More diversity for smarter justice reforms
Minister of Justice
20 August 2018
Justice Minister Andrew Little has announced he’s added more diversity and filled the two remaining places on the expert advisory group focussing on the criminal justice reform programmes.
“I’m looking forward to launching the Criminal Justice Summit tonight alongside the Prime Minister at Parliament’s Banquet Hall. New Zealand needs less offending, less re-offending, and a national conversation about fixing the broken justice system.
“I’m happy to announce I’ve added more diversity to the specialist advisory group, the Safe and Effective Justice Programme Advisory Group – Te Uepū Hāpai i te Ora, to work alongside Justice Sector agencies on a prudent and realistic scope for effective criminal justice reform.
“It’s critical that we get this right and having a good mix of experienced experts who also bring valuable cultural context show’s that this Government is smart on crime.
“Shila Nair and Quentin Hix add value by bringing Indian and Maori expertise and experiences as the newest members of Uepū Hāpai i te Ora - The Safe and Effective Justice Advisory Group.
“Ms Nair is a counsellor with Auckland based not-for profit group Shakti where she’s worked for more than 16 years in family violence. She started her career as a volunteer, then moved to managing crisis services, and then became Shakti’s National Coordinator. For the last 10 years Ms Nair has been practicing as a counsellor conducting individual and group therapy.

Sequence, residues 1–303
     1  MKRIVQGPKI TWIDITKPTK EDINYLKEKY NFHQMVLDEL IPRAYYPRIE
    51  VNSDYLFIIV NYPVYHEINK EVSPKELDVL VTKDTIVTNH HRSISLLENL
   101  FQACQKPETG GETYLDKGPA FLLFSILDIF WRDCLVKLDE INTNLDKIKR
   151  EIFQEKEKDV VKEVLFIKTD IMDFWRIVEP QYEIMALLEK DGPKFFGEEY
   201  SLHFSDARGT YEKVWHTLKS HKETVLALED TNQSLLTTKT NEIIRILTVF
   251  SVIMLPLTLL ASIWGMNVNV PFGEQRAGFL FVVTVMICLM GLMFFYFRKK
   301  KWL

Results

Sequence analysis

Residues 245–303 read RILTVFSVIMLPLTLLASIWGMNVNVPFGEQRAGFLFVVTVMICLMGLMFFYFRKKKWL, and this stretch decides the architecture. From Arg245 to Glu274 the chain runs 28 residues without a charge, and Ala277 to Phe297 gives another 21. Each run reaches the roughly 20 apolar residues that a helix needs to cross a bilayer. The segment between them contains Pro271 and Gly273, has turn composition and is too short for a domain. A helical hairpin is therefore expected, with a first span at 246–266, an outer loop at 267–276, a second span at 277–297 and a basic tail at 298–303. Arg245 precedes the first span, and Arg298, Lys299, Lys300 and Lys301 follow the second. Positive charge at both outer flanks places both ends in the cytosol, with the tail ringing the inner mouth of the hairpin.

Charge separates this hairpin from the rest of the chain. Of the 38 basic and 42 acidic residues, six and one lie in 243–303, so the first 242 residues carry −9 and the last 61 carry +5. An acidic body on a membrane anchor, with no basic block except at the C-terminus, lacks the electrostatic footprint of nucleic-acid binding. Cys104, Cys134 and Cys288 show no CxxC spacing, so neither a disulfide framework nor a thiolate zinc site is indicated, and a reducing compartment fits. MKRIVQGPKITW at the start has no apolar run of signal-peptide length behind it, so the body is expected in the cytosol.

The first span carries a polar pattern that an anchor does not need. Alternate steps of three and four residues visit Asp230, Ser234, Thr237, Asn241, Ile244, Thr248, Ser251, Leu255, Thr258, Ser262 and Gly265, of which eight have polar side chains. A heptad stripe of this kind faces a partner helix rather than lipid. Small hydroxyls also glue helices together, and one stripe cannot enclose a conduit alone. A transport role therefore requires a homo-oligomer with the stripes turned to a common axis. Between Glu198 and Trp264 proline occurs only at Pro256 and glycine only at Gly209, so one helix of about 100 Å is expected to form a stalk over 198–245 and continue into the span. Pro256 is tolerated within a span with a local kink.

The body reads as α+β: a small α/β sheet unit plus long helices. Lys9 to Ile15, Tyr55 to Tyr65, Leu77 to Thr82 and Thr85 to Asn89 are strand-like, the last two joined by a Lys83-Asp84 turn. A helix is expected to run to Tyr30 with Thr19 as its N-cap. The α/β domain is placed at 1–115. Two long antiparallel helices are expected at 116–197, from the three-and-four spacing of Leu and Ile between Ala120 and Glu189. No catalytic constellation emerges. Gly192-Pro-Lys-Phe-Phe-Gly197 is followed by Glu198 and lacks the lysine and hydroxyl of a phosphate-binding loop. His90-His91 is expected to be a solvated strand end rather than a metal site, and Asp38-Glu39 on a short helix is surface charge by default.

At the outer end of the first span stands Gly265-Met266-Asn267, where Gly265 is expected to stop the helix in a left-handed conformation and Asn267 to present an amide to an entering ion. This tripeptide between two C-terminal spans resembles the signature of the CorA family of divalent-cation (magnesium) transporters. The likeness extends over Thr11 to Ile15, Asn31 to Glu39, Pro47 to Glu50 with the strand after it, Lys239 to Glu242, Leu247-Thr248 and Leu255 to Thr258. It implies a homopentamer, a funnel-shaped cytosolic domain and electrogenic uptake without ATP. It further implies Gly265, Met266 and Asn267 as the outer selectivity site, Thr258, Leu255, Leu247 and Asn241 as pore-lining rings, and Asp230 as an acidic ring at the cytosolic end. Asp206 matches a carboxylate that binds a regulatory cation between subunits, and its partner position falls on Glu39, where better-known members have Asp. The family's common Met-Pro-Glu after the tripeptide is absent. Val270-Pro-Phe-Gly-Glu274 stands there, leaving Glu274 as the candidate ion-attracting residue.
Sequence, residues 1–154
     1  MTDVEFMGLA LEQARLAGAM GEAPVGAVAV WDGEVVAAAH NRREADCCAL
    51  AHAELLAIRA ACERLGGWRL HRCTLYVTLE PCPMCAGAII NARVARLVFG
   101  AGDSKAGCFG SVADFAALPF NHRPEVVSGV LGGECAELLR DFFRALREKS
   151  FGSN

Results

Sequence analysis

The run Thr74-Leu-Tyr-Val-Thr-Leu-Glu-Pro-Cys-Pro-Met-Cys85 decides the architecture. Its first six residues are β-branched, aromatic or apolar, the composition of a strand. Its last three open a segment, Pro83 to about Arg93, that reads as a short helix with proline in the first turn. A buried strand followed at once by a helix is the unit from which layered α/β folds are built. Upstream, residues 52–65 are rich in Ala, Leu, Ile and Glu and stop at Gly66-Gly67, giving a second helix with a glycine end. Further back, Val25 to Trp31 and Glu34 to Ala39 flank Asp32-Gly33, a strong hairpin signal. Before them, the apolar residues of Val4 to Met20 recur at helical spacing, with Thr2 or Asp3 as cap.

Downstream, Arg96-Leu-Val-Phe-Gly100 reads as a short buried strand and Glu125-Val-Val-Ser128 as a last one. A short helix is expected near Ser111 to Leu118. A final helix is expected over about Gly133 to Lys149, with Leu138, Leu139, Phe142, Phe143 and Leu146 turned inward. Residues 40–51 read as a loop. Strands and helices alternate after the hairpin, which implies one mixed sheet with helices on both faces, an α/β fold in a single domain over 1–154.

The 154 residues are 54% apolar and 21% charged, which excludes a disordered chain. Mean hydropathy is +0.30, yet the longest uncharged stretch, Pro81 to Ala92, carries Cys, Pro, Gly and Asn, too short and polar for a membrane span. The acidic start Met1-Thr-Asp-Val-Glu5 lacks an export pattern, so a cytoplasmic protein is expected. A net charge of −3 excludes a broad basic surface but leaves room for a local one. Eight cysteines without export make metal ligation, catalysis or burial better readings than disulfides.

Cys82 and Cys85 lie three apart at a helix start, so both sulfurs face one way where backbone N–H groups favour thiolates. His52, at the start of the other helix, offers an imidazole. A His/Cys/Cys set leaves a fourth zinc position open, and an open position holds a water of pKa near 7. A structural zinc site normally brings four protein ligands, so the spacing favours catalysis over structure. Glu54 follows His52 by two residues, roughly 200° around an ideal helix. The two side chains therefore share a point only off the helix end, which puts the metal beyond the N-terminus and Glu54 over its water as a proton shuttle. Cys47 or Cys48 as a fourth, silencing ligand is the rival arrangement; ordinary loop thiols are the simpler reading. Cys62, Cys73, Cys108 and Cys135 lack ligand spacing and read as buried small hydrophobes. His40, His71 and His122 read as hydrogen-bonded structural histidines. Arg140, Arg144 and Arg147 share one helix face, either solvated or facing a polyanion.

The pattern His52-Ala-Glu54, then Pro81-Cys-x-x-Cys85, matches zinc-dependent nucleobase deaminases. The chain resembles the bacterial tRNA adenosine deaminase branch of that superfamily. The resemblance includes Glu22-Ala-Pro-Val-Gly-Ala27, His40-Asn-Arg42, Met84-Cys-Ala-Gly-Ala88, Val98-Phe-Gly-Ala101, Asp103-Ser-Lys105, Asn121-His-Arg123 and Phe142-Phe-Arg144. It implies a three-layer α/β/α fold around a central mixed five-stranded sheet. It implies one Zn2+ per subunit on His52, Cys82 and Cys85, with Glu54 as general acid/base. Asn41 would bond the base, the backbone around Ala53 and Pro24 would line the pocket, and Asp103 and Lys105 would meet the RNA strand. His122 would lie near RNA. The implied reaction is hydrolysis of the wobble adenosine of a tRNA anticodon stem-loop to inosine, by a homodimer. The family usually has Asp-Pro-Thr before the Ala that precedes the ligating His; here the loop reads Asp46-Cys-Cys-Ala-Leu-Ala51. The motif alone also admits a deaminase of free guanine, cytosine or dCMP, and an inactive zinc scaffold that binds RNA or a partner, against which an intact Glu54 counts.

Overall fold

“Mr Hix is Director of Quentin Hix legal, a Timaru based firm. Mr Hix is a lawyer with 25 years’ experience in a broad range of legal areas, from commercial, property and relationships. He’s now focussing on criminal law. He also holds significant positions on a number or organisations including director of Ngāi Tahu Holdings Limited.
“The newest members of The Group will support the public engagement and wider criminal justice reform programme, Hāpaitia Te Oranga Tangata, the Safe and Effective Justice Programme.
“Safe and effective justice is fundamentally about keeping New Zealanders safer, through earlier interventions, better responses and greater support to reduce reoffending.
“Ms Nair and Mr Hix will join the group at the Criminal Justice Summit tomorrow where they will take part in discussions providing multiple perspectives from people affected by the system, interest groups and academics.
“The Advisory Group will play an important role in continuing the conversation beyond the summit and creating opportunities for meaningful engagement with people right across the country,” says Mr Little.